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Homogenizing

 

Explanations > Thinking > Homogenizing

Description | Example | Discussion | So what?

 

Description

When thinking about different things, we tend to classify them, putting them into defined groups. Then we treat everything (or everyone) in each group as if they were exactly the same.

When considering a new thing, we seek to classify it into one of these existing categories rather than wonder if it is something separate.

Example

Marketers segment their customers into similar groups using criteria such as socio-economics and age. Then they use the same promotions to everyone in a segment. If the segment is still highly varied, the marketing efforts will have limited effect.

People often assume teenagers are all the same, being rebellious, lazy and so on. In fact many tteenagers work very hard. 

Discussion

Assuming groups we identify are homogeneous is a common error. This is particularly true when we have no disconfirming evidence, such as when we think of people from other countries which we have not visited or where our interactions with locals were limited.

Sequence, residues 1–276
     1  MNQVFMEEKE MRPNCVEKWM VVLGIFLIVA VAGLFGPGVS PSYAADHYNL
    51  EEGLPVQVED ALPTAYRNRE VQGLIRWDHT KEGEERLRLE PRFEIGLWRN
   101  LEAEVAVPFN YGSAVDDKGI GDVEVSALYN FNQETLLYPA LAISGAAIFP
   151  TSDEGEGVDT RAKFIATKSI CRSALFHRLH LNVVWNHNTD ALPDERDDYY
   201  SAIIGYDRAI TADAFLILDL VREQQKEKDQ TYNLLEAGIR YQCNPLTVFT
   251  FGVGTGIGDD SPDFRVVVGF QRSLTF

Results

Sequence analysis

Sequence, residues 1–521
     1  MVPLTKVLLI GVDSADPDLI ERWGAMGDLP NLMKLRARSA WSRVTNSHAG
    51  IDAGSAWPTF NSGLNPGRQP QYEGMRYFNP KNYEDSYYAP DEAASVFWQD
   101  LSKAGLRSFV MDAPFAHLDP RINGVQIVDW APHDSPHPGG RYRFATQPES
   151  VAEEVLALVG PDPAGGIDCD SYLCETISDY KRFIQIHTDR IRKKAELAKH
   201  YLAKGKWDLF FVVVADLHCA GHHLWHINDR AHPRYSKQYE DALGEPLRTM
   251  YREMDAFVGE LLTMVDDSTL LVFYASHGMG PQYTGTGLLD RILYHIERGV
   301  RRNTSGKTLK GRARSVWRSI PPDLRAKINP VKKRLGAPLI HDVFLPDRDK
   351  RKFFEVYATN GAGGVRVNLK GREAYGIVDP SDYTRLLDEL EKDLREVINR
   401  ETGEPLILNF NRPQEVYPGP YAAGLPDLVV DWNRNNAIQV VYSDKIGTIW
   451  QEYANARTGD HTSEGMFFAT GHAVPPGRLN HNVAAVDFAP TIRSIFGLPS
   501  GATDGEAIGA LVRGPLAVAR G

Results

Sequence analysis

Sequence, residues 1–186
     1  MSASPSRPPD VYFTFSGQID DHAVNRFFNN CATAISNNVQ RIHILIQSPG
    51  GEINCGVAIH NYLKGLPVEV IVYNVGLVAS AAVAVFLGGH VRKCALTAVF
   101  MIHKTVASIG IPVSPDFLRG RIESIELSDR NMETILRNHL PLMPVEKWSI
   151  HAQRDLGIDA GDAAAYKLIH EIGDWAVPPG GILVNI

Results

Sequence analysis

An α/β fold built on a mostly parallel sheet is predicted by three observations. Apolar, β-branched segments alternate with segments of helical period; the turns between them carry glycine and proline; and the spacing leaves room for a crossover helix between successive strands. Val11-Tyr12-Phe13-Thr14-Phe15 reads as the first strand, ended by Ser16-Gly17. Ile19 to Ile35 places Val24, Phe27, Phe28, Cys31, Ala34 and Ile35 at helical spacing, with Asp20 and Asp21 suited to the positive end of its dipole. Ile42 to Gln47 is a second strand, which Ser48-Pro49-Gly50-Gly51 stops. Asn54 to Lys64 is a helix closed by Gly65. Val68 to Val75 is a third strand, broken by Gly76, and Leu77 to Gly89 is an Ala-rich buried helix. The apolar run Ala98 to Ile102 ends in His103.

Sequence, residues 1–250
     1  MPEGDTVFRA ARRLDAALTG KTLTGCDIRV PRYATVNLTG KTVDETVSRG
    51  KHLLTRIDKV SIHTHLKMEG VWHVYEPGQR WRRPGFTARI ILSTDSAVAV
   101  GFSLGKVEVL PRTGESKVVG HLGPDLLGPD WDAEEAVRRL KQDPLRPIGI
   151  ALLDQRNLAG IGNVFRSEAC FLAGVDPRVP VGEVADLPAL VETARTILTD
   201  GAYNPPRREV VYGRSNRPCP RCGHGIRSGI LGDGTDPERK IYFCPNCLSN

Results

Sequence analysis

The same applies to non-human things, ideas and so on. We likewise classify and consequently ignore or mistreat much of what we encounter, simply because of this thinking error.

Classifying things are the same can often be due to lazy thinking. It takes more effort to explore differences, so we short-cut to similarity to save time and effort.

When we treat things as homogeneous, there is always an error gap between our assumptions and reality which will vary for each item in the group. The larger this gap, the greater the potential for thinking errors.

Looking for similarity can be a personality characteristic. Some people do this, while others seek differences. People who are competent look for similarities so they can repeat a consistent process. People who find mastery do this by seeking differences by which they can deepen knowledge and identify continuous incremental improvement.

So what?

When thinking, consider how things are different, even when they seem the same. In persuading, to cloak subtle differences, frame things as the same rather than similar (which may provoke questions about the difference.

See also

 

 

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